|Me and my sister on a train 30 years ago|
Knowing that several relatives of mine worked for the railroad, when I got started in genealogy I became interested in knowing more about their time with the railroad, and what the railroad records could tell me about them. Before too long, I found an index to Northern Pacific Railway personnel records. I saw that there were indeed personnel files for my grandpa, his dad, uncles David and Thomas, and what looks like his maternal grandfather, Samuel Joseph.
|Index record for Fred J. Gibson, my great-grandfather|
|Index record for Thomas Lewis Gibson, my grandfather's uncle|
Unfortunately, at the time I could not figure out how to find the records these indexes were pointing to. One thing led to another, and I never really got back to finding out how to find these records. I made token searches now and again, but never found them.
Until this week.
I got a text message saying Ancestry had released images and indexes for a record group called "U.S., Northern Pacific Railway Company Personnel Files, 1890-1963". My mind immediately went back to those railroad record indexes from so long ago, and I went to searching. Three minutes later, I hit the jackpot!
Well, part of the jackpot. It turns out they had records for two of the five people I had index numbers for, Frederick John Gibson (my great-grandfather) and Thomas Lewis Gibson (his brother). David H. Gibson, Frederick and Thomas' younger brother, somehow got skipped (they have the records before and after his number, but not his), and the collection on Ancestry stops before Sam Joseph and my grandpa's records. Hopefully future updates will add these records.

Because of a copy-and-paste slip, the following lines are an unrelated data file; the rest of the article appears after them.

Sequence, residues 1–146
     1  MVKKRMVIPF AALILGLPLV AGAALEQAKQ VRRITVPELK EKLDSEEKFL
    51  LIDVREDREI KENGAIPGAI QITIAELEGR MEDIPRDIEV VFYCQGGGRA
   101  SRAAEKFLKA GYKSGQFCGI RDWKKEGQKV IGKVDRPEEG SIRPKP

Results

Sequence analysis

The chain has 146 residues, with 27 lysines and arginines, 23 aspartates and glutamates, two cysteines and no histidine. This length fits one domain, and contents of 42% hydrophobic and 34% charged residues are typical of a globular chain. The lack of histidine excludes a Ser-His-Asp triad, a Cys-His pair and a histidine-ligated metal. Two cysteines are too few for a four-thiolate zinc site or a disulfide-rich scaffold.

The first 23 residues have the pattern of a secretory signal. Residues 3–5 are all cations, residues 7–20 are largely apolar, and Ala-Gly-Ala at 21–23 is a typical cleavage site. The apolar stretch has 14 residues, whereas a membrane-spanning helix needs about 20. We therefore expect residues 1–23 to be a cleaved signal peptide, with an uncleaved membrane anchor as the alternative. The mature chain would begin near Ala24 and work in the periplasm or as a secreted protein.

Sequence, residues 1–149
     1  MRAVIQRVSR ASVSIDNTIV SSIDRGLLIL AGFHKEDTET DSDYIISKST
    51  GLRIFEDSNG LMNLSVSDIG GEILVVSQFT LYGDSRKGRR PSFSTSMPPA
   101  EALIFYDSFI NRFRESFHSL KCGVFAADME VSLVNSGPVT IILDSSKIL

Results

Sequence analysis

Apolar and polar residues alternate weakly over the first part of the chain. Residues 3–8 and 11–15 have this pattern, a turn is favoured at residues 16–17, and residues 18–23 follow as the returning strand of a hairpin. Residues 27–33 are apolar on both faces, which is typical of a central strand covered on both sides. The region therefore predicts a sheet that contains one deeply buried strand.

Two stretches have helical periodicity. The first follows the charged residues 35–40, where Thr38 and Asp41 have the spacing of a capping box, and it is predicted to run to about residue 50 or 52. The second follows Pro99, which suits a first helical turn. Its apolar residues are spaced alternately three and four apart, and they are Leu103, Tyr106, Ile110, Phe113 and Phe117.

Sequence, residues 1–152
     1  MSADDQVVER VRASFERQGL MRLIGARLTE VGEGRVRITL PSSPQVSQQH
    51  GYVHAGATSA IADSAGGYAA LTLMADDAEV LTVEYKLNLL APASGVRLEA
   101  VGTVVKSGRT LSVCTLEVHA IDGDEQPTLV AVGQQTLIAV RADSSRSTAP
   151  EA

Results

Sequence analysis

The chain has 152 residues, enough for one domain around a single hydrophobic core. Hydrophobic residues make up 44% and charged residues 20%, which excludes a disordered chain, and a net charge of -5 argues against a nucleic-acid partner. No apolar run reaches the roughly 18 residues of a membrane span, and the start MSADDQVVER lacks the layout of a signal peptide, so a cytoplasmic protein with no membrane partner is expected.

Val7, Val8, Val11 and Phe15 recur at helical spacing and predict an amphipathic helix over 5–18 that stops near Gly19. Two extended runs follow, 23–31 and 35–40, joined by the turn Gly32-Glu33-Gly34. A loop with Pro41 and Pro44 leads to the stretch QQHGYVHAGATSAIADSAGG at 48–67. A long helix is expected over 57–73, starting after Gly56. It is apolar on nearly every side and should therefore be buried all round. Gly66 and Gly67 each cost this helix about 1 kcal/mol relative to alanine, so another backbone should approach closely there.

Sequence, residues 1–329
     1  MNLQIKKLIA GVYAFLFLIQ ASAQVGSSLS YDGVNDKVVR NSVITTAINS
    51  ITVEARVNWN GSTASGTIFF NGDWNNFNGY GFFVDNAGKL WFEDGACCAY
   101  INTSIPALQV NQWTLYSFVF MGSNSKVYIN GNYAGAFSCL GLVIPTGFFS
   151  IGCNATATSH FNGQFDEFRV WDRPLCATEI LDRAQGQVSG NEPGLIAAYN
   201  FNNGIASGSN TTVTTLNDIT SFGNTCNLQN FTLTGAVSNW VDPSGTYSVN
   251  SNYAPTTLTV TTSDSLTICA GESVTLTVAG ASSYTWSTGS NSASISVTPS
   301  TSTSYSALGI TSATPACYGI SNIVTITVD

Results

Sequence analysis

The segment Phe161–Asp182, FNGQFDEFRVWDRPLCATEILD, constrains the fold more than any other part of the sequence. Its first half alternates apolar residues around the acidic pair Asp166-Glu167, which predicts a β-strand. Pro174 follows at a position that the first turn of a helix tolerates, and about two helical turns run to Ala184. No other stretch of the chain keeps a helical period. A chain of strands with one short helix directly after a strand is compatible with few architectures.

But I was so happy to finally know what these records look like. I do wish my great-grandfather's file was longer, as it's only eight pages, two of which are scans of the manila folder containing the actual records. But Thomas' file is 117 pages! I've only had time to go through a little of it so far, but what I have seen is fascinating. Over and over again, auditor reports of the various stations mentioned that Thomas was considered competent for a more responsible position. On the other hand, the file also contains a letter stating Thomas was suspended for five days due to leaving his telegraph station to get a drink of water - the last line of the letter states "Your excuse that there was no water in the house and you wanted a drink at that particular time is no excuse whatever."
I love living and researching in this digital age, when we have so much information available, and more coming online all the time. I can't wait to see what else I find in these files!